Big Fish in the Snoqualmie!

Discussion in 'Fly Fishing Forum' started by Eric, Sep 8, 2002.

  1. Eric

    Eric New Member

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    Tonight while fishing the snoqualmie I caught and released a 16"+ trout. My problem is I'm not sure what it was??? I was fishing the main stem under the bridge in Fall City. Normally, I fish the forks and have become well acquanted with the "Snoqualmie Skipper" 6"-10" trout. This fish was huge as compared to anything I have ever caught in the system. I'm not at all familiar with steelhead, could it have been one? Sea-run cutthroat? It looked like a rainbow, but in my haste to release it I forgot to look for a slash. For what it's worth it didn't really fight all that well, in fact I thought it was a whitefish until I brought it to the bank. What did I catch?

    Eric
     
  2. PeteM

    PeteM Member

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    Chances are it was an SRC. They follow the salmon up this time of the year. You can usually hook them fishing nymphs or egg patterns on a swing behind pods of salmon.
     
  3. Rob Blomquist

    Rob Blomquist Formerly Tight Loops

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    Excellent! I saw you fishing under the bridge as I drove past to fish the drift I wanted to. Now, I did catch a little pre-migrant steelie of about 6", and recieve the bumps of literally tons of smaller fish, but I did not catch any SRCs or steelies of size last night.

    In addition to SRCs it could have been a jack steelie, as there are fish that come up the rivers after only a year at sea, not ready to spawn, they just want to watch. :WINK

    Rob
     
  4. Eric

    Eric New Member

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    I was actually quite surprised to see many fish there. I also caught lots in the 6"-10" range. As you can probably tell, my fish biology stinks, but what of these rainbows in the main stem? Are they all just steelhead smolt?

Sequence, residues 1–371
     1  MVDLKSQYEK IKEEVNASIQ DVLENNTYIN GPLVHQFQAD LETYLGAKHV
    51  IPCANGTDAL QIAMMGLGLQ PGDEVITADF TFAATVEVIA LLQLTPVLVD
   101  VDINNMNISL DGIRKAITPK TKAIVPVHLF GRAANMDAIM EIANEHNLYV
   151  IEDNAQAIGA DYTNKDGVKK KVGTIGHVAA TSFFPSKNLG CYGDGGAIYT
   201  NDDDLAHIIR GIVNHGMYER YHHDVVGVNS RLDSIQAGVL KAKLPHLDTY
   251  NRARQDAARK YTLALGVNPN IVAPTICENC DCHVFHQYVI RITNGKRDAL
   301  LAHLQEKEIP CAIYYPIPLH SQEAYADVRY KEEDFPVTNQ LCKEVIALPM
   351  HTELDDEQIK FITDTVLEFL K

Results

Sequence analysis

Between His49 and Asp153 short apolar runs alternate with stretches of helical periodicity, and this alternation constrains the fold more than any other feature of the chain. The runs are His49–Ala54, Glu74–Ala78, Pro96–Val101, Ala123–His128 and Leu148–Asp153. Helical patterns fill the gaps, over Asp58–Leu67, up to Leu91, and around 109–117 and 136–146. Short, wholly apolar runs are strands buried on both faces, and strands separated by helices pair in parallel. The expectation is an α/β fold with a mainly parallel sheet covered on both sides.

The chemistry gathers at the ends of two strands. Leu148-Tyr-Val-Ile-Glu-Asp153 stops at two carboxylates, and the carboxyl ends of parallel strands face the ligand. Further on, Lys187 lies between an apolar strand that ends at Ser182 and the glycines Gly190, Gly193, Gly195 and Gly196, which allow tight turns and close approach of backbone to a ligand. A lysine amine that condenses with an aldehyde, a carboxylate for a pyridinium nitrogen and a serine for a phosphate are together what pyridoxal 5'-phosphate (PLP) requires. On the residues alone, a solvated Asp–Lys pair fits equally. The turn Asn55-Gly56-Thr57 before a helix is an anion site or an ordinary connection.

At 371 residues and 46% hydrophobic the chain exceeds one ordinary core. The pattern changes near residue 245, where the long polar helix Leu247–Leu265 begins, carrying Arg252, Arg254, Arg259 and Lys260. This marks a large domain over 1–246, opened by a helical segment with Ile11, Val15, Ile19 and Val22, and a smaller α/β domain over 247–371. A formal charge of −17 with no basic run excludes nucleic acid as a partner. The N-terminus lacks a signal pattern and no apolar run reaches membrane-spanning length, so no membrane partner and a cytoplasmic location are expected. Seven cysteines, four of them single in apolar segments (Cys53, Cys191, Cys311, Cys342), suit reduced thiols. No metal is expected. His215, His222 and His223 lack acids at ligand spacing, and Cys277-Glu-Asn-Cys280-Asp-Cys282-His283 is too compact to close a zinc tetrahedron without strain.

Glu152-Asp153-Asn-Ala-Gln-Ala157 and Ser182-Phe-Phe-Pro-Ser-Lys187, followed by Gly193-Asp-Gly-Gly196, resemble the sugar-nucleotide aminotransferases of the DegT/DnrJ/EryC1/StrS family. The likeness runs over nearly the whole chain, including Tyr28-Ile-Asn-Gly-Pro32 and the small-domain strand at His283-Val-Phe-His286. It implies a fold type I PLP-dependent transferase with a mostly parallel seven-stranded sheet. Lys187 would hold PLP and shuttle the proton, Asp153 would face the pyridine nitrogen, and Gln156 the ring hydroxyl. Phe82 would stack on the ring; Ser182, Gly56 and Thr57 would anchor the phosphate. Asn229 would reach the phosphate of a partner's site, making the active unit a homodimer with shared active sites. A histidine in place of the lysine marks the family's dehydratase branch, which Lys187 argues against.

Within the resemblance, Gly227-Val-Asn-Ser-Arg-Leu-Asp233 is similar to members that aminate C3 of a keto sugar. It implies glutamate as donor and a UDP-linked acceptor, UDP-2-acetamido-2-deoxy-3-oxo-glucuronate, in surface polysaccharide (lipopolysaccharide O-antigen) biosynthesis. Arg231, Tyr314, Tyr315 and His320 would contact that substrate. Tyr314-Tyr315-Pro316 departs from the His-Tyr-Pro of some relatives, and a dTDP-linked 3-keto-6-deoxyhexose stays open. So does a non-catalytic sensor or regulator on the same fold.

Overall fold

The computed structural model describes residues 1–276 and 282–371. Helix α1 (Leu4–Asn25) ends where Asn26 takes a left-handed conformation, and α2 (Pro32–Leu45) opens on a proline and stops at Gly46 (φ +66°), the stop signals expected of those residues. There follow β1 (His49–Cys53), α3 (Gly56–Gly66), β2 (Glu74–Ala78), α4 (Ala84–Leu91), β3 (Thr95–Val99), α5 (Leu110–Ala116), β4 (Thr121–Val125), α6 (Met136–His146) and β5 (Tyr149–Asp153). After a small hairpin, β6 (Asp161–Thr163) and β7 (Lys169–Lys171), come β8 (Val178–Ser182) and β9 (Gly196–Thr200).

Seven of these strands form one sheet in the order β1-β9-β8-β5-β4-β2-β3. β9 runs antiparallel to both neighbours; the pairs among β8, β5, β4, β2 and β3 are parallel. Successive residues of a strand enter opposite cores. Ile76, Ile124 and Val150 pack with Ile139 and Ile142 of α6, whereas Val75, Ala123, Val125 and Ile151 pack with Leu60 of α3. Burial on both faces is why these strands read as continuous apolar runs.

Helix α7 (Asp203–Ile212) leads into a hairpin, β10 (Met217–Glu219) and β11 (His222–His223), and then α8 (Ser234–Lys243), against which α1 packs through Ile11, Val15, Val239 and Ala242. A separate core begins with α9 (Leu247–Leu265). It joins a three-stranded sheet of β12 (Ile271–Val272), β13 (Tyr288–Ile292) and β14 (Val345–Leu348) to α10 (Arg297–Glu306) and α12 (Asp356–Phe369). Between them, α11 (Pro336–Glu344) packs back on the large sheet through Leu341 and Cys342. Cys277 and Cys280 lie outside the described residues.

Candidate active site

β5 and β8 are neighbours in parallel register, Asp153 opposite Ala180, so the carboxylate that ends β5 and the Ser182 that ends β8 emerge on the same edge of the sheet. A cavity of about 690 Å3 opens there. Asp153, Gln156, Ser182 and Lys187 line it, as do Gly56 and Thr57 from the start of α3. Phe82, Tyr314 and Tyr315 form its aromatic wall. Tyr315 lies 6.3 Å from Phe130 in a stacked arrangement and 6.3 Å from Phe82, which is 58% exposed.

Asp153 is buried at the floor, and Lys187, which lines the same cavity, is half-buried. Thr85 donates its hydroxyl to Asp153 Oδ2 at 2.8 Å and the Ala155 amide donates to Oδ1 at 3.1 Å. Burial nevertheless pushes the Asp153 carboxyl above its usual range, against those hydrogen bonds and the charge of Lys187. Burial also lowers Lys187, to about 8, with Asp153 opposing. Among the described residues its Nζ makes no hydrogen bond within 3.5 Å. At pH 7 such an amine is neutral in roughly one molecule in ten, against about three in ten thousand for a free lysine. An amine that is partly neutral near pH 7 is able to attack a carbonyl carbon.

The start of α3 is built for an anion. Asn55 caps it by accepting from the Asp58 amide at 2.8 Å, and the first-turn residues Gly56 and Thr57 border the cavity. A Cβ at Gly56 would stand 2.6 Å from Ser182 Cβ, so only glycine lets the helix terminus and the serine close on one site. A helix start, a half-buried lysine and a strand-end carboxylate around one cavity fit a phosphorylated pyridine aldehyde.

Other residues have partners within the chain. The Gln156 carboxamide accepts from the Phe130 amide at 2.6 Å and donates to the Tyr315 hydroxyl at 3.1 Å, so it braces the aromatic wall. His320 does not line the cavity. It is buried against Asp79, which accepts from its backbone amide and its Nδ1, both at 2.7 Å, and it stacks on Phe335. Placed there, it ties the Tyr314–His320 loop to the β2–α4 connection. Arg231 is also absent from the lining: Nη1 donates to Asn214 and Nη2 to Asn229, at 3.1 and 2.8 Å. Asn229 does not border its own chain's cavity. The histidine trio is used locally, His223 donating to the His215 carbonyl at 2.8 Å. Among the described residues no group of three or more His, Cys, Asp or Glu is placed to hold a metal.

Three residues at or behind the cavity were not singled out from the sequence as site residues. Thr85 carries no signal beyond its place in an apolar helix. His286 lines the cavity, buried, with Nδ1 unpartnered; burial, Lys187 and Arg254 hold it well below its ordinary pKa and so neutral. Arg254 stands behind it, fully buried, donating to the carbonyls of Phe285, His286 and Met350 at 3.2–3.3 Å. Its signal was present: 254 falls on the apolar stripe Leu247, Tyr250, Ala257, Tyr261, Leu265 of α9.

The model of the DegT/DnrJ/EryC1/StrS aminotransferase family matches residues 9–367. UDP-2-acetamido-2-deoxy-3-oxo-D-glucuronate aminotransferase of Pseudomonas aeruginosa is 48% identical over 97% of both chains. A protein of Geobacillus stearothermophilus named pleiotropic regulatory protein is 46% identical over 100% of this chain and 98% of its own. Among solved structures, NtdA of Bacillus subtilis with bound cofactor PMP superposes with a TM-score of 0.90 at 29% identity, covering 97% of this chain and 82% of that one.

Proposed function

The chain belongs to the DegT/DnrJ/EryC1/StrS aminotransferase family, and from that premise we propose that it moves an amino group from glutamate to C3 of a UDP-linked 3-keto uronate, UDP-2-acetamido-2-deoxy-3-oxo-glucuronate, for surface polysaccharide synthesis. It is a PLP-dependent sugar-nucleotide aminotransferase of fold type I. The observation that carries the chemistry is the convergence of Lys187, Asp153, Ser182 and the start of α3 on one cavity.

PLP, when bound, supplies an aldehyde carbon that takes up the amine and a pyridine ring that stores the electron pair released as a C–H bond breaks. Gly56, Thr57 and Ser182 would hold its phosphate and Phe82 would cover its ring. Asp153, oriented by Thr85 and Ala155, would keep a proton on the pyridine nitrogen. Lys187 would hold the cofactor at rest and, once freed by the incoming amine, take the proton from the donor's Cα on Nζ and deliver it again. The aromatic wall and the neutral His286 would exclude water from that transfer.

Eric
     
  5. Rob Blomquist

    Rob Blomquist Formerly Tight Loops

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    Yep, the rainbows are just steelhead before running to sea if they are in the sub 10" range. Above that, or fat and sassy, they are steelhead that decided to not migrate to the sea. Those should be rather rare, but they are not totally uncommon.

    Rob
     
  6. scottr

    scottr Active Member

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    It could be a SRC or a Resident Rainbow. It is the common beleif that the resident rainbows in rivers like the snoqualmie are basically steelhead that decide to not migrate to the sea. I have caught resident rainbows up to 14" in rivers like the snoqualmie and have heard stories of fish up to 20".

    We will see more of these bigger fish if more people practice CnR, the rivers stay healthy, and people stop using bait.
     

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